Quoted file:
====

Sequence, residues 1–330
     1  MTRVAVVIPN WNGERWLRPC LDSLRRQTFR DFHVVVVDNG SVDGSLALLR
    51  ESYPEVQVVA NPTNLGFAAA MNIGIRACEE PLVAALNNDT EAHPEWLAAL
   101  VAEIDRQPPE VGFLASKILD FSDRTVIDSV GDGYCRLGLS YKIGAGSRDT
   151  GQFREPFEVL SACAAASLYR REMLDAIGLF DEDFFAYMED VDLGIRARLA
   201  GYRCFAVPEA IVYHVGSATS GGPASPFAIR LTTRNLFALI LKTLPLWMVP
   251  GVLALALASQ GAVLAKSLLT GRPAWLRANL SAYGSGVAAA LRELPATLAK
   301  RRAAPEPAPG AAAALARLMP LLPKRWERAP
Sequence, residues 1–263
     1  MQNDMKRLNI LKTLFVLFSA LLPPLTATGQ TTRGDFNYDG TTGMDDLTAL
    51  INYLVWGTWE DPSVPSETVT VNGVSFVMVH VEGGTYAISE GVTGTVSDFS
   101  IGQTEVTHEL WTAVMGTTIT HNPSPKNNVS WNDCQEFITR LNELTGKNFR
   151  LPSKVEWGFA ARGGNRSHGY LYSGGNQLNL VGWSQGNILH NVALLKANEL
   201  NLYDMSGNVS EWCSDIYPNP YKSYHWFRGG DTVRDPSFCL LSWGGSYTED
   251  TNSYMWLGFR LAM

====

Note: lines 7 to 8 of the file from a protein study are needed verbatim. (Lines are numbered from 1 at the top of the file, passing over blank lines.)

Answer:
   251  GVLALALASQ GAVLAKSLLT GRPAWLRANL SAYGSGVAAA LRELPATLAK
   301  RRAAPEPAPG AAAALARLMP LLPKRWERAP